Oct 6, 2019: Church Discipline*

In addition to Christ being the head of the church and the make-up of the church including people who have repented and believe in Jesus as Lord, the Reformers noted that there are three distinct marks of a biblical church: 1) The gospel is preached; 2) The gospel ordinances (baptism and Lord’s supper) are administered; 3) Church discipline is practiced. While the first two are often practiced, the last one is often missing in many evangelical churches. For our church to be biblical and healthy, we must practice church discipline. But before we talk about the what and the why of church discipline, we must reflect on what kind of gospel we believe in, because depending on the kind of gospel we believe in, there may or may not be room for church discipline.

Which “gospel” do you believe in?

Gospel 1: God is holy. We have all sinned, separating us from God. But God sent his Son to die on the cross and rise again so that we might be forgiven. Everyone who believes in Jesus can have eternal life. We are not justified by works. We are justified by faith alone. The gospel therefore calls all people to “just believe!” An unconditional loving God will take you as you are.

Gospel 2: God is holy. We have all sinned, separating us from God. But God sent his Son to die on the cross and rise again so that we might be forgiven and begin to follow the Son as King and Lord. Anyone who repents and believes can have eternal life, a life which begins today and stretches into eternity. We are not justified by works. We are justified by faith alone, but the faith which works is never alone. The gospel therefore calls all people to repent and believe. A loving God will take you contrary to what you deserve, and then enable you by the power of the Spirit to become holy and obedient like his Son. By reconciling you to himself, God also reconciles you to his family, the church, and enables you as his people to represent together his own holy character and triune glory.

The first version of the gospel emphasizes Christ as Saviour; the second one emphasizes Christ as Saviour and Lord. The first version points to Christ’s new covenant work of forgiveness; the second one includes both forgiveness and the Spirit’s work of regeneration. The first version points to a Christian’s reconciliation with Christ; the second one points to a Christian’s reconciliation with Christ and Christ’s people. Everything affirmed in the first version is true, but there is more to say. Left to itself it tends to yield a belief in cheap grace. The second version is a more robust account of the biblical gospel and is more likely to lead to an understanding of the kind of grace that calls Christians to take up their crosses and follow Jesus in a holy mission by the power of the Holy Spirit. If your understanding of the gospel stops with the first version, you will not have much use or room for the topic of church discipline; if you, however, embrace the second one, then there is a longer conversation to have.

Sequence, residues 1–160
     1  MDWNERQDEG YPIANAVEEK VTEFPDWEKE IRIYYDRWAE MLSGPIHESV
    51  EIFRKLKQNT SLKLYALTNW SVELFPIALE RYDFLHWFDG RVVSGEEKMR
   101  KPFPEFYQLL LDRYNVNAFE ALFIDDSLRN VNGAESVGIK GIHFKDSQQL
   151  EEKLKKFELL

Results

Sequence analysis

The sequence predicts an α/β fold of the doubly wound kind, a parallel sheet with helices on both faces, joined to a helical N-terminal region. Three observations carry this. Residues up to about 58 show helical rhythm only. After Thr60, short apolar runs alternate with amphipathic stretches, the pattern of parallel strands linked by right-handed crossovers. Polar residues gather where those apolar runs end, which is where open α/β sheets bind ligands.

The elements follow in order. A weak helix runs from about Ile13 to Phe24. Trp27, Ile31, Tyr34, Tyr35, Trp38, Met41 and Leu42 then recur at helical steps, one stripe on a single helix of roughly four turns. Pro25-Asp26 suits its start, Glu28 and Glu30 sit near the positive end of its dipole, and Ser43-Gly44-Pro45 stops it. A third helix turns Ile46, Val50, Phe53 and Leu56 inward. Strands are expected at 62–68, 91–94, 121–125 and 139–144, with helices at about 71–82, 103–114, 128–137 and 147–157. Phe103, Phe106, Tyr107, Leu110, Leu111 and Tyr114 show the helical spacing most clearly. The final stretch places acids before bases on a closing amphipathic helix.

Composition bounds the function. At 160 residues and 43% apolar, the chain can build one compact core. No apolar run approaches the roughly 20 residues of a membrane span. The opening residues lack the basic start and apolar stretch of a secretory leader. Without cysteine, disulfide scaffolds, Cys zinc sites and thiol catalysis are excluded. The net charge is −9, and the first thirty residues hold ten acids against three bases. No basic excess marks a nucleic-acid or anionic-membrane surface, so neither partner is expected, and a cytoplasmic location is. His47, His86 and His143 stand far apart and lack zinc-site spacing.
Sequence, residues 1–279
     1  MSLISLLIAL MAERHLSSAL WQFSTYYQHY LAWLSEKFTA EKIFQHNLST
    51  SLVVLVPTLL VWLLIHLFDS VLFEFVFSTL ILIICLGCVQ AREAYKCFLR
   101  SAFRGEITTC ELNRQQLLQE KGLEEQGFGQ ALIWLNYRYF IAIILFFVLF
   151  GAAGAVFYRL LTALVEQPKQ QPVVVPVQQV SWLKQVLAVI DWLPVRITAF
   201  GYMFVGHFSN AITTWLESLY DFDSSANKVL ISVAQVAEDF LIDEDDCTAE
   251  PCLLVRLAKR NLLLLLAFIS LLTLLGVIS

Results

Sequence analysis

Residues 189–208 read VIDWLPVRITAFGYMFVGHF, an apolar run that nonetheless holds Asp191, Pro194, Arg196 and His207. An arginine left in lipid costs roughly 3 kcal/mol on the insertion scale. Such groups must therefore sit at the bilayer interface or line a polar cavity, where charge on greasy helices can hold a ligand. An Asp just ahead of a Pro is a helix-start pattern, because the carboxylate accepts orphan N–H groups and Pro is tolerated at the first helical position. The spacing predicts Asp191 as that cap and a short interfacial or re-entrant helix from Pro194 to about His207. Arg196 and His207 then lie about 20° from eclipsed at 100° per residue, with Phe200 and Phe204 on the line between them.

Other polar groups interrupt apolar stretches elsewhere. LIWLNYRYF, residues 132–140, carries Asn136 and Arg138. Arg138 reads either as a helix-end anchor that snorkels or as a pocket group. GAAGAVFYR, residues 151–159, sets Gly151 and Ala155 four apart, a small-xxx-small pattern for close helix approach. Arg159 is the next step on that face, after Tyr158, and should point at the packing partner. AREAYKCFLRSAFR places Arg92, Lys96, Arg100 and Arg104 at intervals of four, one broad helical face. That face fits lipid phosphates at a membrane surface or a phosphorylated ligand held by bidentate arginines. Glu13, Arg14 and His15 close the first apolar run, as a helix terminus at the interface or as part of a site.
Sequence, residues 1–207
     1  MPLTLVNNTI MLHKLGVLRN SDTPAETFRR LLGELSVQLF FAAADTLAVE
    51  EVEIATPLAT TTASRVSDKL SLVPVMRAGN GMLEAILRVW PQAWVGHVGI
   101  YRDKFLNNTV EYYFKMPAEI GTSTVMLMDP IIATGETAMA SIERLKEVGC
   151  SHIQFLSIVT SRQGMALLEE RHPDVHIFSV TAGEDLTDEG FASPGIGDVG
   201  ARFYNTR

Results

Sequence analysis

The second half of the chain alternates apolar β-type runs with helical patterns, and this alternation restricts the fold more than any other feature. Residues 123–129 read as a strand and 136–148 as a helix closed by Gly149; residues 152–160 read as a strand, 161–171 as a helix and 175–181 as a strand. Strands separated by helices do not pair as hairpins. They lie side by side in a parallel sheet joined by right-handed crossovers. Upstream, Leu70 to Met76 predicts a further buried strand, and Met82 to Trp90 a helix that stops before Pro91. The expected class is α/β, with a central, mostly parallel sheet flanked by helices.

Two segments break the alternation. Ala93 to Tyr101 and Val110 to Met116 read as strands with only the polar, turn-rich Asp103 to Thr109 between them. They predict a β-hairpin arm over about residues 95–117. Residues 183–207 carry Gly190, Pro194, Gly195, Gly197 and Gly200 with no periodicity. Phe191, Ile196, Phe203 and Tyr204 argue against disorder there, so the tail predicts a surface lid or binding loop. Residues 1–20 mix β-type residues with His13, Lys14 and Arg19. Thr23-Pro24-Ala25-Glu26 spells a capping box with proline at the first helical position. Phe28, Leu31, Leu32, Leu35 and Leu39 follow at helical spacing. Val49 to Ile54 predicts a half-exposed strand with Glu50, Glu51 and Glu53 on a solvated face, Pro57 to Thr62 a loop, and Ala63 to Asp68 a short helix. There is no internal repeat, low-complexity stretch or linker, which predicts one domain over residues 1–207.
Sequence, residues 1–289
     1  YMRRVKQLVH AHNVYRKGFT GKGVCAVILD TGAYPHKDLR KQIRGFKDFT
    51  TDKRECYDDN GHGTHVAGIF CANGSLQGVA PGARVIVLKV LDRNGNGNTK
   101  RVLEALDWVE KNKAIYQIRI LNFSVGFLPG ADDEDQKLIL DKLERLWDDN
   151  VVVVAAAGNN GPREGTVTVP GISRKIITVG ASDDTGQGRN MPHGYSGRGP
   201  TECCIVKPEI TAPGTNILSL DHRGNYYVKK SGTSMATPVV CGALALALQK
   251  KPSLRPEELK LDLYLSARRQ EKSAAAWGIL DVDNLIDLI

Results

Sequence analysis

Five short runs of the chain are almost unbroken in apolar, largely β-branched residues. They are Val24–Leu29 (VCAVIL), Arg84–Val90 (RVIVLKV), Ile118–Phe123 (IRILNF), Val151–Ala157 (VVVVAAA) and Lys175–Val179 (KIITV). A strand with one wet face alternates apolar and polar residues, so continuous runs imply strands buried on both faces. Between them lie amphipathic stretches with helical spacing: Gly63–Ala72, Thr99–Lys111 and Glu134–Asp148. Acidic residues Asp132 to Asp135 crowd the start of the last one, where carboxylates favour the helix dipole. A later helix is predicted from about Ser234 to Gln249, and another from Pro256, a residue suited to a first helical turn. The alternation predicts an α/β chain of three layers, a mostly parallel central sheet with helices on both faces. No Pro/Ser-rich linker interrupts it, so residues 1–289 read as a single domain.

What is church discipline? In broad terms, church discipline is one part of the discipleship process–the part where we correct sin and point the disciple toward the better path. To be discipled is, among other things, to be disciplined.  A Christian is disciplined through instruction (formative discipline) and correction (corrective discipline): 1) Formative discipline helps to form the disciple through instruction; 2) Corrective discipline helps to correct the disciple through correcting sin. In more specific and formal terms, church discipline is the act of removing an individual from membership in the church and participation in the Lord’s supper. It is the church’s public statement that it can no longer affirm the person’s profession of faith by calling him or her a Christian.

elps to correct the disciple through correcting sin. In more specific and formal terms, church discipline is the act of removing an individual from membership in the church and participation in the Lord’s supper. It is the church’s public statement that it can no longer affirm the person’s profession of faith by calling him or her a Christian.

Why should we practice church discipline? Love is the primary motivation of all of church’s discipline: 1) Love for the individual—that he or she might be warned and brought to repentance; 2) Love for the church—that weaker sheep might be protected; 3) Love for the watching world—that it might see Christ’s transforming power; 4) Love for Christ—that churches might uphold His holy name and obey Him.

May we grow together as mature disciples of Jesus Christ who preach the gospel and speak the truth in love, including practicing both formative and corrective discipline for the sake of the glory of God, the good of God’s people and the lost world.

* Adapted from Church Discipline by Jonathan Leeman.

This Week’s Bible Reading Schedule:

Monday: Ezekiel 22 Thursday: Ezekiel 25
Tuesday: Ezekiel 23 Friday: Ezekiel 26
Wednesday: Ezekiel 24 Saturday: Ezekiel 27